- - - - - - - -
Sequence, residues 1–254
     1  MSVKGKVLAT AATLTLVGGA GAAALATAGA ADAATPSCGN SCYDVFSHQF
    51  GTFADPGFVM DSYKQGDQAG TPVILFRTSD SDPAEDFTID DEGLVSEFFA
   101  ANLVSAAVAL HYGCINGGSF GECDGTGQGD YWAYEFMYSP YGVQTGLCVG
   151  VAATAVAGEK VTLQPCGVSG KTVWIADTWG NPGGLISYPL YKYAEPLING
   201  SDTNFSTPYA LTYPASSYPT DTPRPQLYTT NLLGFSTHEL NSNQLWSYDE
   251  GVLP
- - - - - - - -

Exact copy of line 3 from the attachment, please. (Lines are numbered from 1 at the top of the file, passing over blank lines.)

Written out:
    51  GTFADPGFVM DSYKQGDQAG TPVILFRTSD SDPAEDFTID DEGLVSEFFA